Finland and Sweden have handed in their official applications for membership in the North Atlantic Treaty Organization (NATO), ending their longtime neutrality status amid growing concerns over Russia’s military aggression against Ukraine.

“I warmly welcome the requests by Finland and Sweden to join NATO. You are our closest partners,” NATO Secretary-General Jens Stoltenberg told reporters on May 18 after receiving the application letters from the two Nordic countries’ ambassadors at alliance headquarters in Belgium.

“The applications you have made today are an historic step. Allies will now consider the next steps on your path to NATO,” Stoltenberg said.

Both Sweden and Finland are members of the European Union, and the latter shares a 1,340-kilometer border with Russia.

The two Nordic countries’ choice to join NATO marks a watershed in the current European security architecture.

Helsinki chose to remain neutral in the postwar era following two wars with the Soviet Union that saw Finland lose 1-10th of its territory, while Sweden has been traditionally nonaligned for the past two centuries.

The application has set in motion a process that is expected about two weeks, although Turkish President Recep Tayyip Erdogan has expressed reservations about Finland and Sweden joining.

Erdogan said on May 16 he could not agree to the accession of two countries that support “terrorist organizations,” a reference to the banned Kurdistan Workers Party (PKK) and the Kurdish militia People’s Defense Units (YPG) in Syria.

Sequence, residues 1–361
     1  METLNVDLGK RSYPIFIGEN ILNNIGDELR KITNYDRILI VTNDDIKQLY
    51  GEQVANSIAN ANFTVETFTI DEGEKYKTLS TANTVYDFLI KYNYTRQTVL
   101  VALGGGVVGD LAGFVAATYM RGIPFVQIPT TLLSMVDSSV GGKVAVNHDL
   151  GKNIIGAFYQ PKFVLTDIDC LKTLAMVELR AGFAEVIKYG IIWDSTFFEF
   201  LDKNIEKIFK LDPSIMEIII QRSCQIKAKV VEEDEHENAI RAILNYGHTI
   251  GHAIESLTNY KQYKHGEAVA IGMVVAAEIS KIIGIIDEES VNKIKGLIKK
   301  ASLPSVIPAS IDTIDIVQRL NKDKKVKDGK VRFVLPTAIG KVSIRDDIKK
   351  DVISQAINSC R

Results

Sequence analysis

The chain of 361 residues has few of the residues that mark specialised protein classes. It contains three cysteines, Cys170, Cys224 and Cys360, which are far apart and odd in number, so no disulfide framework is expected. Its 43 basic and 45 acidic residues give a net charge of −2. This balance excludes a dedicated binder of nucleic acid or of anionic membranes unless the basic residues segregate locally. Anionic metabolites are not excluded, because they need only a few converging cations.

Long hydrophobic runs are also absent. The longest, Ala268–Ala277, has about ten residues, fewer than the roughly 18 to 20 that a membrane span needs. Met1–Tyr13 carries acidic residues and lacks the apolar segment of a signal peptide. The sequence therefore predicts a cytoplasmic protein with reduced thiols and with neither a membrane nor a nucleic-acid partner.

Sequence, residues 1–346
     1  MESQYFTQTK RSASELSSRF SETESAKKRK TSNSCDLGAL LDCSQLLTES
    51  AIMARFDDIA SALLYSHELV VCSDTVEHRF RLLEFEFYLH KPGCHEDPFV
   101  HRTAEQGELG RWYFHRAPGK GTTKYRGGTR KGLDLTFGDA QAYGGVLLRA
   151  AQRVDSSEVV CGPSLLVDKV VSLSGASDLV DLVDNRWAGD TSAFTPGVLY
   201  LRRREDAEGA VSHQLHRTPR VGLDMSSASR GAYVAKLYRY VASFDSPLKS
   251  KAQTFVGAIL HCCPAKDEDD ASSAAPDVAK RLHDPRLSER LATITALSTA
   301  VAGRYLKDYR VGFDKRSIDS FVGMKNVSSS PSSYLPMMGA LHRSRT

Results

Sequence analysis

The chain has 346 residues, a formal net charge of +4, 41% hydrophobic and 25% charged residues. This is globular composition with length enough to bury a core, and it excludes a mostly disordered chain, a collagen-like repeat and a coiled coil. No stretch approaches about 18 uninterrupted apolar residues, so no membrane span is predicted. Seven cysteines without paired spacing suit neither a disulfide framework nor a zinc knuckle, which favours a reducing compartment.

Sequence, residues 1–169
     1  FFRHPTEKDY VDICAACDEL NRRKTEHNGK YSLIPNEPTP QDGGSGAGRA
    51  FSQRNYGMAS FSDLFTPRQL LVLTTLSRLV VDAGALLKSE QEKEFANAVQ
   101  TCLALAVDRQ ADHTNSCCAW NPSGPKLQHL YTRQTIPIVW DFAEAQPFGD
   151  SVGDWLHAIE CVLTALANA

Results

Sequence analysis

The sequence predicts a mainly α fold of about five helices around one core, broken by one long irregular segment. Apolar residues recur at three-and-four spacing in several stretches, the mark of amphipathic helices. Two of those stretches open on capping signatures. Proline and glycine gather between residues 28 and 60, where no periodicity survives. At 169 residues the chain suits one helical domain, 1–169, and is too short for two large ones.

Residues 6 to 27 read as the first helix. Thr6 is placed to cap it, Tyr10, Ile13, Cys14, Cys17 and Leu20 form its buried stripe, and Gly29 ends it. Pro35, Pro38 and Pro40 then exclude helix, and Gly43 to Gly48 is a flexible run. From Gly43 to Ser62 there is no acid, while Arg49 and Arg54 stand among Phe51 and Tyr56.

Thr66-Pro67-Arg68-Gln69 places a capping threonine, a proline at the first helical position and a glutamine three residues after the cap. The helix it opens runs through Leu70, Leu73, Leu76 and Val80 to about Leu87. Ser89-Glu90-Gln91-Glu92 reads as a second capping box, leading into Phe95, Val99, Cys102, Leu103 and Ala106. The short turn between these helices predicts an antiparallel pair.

If Turkish objections are resolved, the two Nordic countries could become members within a few months, fast-forwarding a process that usually takes eight to 12 months.

German Chancellor Olaf Scholz said he also was confident Turkey would support the move by both countries, and U.S. State Department spokesman Ned Price likewise expressed confidence that Ankara would not block their entrance into the alliance.

The White House said earlier that U.S. President Joe Biden will host Niinisto and Andersson for a meeting on May 19 to discuss the applications as well as the broader topic of European security.

The two countries have moved quickly toward joining NATO since Russia launched its unprovoked invasion of Ukraine on February 24.

The steps taken by the two Nordic neighbors have prompted warnings from Russia, which would see NATO expand right up to its western border.

Russian President Vladimir Putin said on May 16 that while Russia did not see Finland and Sweden’s decision to join NATO as a threat, any deployment of military infrastructure there may trigger a response from Moscow.